Years ago, I stopped playing pen an paper roleplaying games mainly because of two reasons: The time investment needed had become just too much, and I was tired of all the discussions about ambigous rules and broken game balance. Some time ago, a friend of mine bought Descent, and I thought "Great! That might provide just the quick fix of RPG I need from time to time!". Then he bought Road to Legend, and now I'm playing the Overlord regularly every Thursday evening, discussing unlcear rules and broken skills and items. Uh...what were the reasons again why I had quit playing RPGs?
|Session 1||First dungeon level||Dec 9, 2008|
|Session 2||First dungeon, level 2 and 3||Dec 10, 2008|
|Session 3||Dungeon at Thelsvan Highway||Dec 14, 2008|
|Rant||...on armor and damage||Dec 14, 2008|
|Session 4||An encounter, and first level at Gardens of Tarn||Dec 23, 2008|
|Session 5||Second dungeon level, and The Twins||Dec 27, 2008|
|Session 6||Weeks 5-7, Dust to Dust||Jan 3, 2009|
|Session 7||Weeks 8-11, completing copper level||Jan 20, 2009|
|Session 8||Week 12, Party overview, and setting a hero CT record||Jan 21, 2009|
Hello and welcome to Kylearan's Descent: Road to Legend campaign diary! In here, I will describe the adventures of five(!) custom-made heroes trying to defeat me, the evil overlord. There are a lot of excellent campaign diaries already out there, most notably on BoardGameGeek and in the Fantasy Flight Descent forum, but I hope what will make this one interesting is that it is played with five heroes instead of four, and that these heroes are custom-made using Kevin Wilson's rules posted on the FantasyFlightGames Descent site. Since there have been a lot of questions about how the game plays with six players and which variant rules to use, this diary can serve as a guide how to do it - or not, we'll see.
Our group consists of some very good players - some of them have over a decade of experience in tactical war games (most notably Battletech). Tactical combat is not my strongest point, and I'd even go so far as to say my players will be able to beat me in tactical combat any day. My experience and strength lies more in the strategic side of things, which in this game means hand/deck handling, overland movement and managing upgrades, so I hope to make up for my weakness in tactical combat there. This will become interesting, and I'm very much looking forward to the campaign!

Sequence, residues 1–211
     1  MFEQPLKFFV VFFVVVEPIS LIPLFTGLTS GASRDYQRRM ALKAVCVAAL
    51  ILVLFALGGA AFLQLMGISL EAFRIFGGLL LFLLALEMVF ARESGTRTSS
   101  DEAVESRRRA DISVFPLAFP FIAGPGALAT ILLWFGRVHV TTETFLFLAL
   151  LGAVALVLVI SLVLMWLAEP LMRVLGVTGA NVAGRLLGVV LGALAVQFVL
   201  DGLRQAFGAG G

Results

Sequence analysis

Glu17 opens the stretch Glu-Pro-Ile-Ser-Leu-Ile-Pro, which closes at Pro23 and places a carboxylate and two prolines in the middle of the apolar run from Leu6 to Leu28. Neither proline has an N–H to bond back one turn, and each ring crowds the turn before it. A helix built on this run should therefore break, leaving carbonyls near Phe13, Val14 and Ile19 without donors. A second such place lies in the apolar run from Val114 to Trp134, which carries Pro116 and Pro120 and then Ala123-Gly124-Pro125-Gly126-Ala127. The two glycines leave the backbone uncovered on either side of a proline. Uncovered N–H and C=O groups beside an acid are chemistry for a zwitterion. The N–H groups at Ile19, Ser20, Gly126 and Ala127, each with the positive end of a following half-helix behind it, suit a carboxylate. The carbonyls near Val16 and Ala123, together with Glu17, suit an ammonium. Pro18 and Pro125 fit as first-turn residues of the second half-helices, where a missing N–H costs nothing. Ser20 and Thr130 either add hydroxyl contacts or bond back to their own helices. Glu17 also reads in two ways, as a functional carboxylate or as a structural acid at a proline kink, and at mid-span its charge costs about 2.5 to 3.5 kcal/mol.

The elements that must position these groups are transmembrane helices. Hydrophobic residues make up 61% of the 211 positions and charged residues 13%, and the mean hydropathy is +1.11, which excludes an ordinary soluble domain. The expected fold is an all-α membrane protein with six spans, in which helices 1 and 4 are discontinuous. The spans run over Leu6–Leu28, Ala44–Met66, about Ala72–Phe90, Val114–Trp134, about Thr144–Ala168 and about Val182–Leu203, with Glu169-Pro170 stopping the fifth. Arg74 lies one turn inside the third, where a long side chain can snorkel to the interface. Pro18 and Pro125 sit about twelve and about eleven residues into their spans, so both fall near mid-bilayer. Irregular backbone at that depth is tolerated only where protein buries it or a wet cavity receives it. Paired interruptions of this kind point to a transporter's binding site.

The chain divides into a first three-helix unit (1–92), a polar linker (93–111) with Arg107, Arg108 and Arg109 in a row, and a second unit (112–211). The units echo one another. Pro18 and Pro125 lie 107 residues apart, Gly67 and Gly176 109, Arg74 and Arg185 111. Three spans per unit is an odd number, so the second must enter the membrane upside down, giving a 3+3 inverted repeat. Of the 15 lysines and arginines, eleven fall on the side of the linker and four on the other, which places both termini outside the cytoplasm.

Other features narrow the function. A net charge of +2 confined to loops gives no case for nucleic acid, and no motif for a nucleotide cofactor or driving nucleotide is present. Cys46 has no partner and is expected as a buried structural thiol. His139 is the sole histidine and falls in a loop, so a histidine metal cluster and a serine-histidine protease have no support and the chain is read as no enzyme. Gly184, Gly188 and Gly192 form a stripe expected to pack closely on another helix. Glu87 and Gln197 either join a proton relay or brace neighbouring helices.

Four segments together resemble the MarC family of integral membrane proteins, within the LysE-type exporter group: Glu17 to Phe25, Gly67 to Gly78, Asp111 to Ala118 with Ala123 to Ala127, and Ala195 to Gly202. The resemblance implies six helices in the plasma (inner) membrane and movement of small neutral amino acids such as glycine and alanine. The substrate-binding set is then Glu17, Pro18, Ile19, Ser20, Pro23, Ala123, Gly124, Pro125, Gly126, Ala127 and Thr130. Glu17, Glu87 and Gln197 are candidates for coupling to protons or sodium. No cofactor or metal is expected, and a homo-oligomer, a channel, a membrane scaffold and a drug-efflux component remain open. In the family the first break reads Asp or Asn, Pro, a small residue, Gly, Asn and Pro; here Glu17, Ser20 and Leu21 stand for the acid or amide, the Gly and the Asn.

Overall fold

This diary will grow as we play. We plan on playing once per week for a couple of hours, with some extra sessions thrown in for good measure during the holidays. You can always view a summary of the events so far and the current situation on the Aftermath page. I will always try to spell out the rationale behind my actions in the diary, but will not talk much about my future long-term strategies, as my players will most likely read this as well. We cannot allow to spoil them, can we?
If you'd like to ask a question or comment on the diary, feel free to send me a mail! So without any further ado, let's talk about our variant rules, introduce the heroes and then let's get rolling!
The game has been designed and play-tested specifically for four heroes. Not more, not less. Bringing in an additional hero shifts the balance quite a lot in favor of the heroes. They now have a complete extra action per turn to bash monsters, get treasures or activate special tiles; they have additional skills and abilities that might affect the whole party and thus enhance party synergy; they cover more line of sight to prevent monster spawning, and thus are expected to cause a lot more hurt than the 25% more that it looks like on first glance.
To compensate for this, we came up with the following variant rules after a lot of discussions and forum reading:
All being roleplaying gamers at heart used to build their characters on their own, we decided to use Kevin Wilson's custom rules to create your own hero instead of drawing the characters randomly. Personally, I'm a bit disappointed about that, as the resulting characters and their abilities are more boring, and it makes it easier for the heroes to optimize their party. While some of the premade characters are stronger than the custom system allows, being able to adjust all the characters to form a party with extra synergies can be powerful. But I've been voted down on this, so...
My players decided to create three melee characters, one ranged and one magic user. Here they are:
The first tank of the party, Thorgrim the Dwarf has a decent armor rating and a very annoying ability (for the Overlord at least): The -1 damage effectively increases the party's armor rating by one against melee attackers (and giving him an effective armor rating of 6 in the beginning with a chainmail). The range reduction is a little less useful, as not many ranged creatures will attack the party standing so close to Throgrim. His one weakness which offsets his powerful ability at least a little bit is his lack of fatigue, we'll see how much this will hurt him in the long run.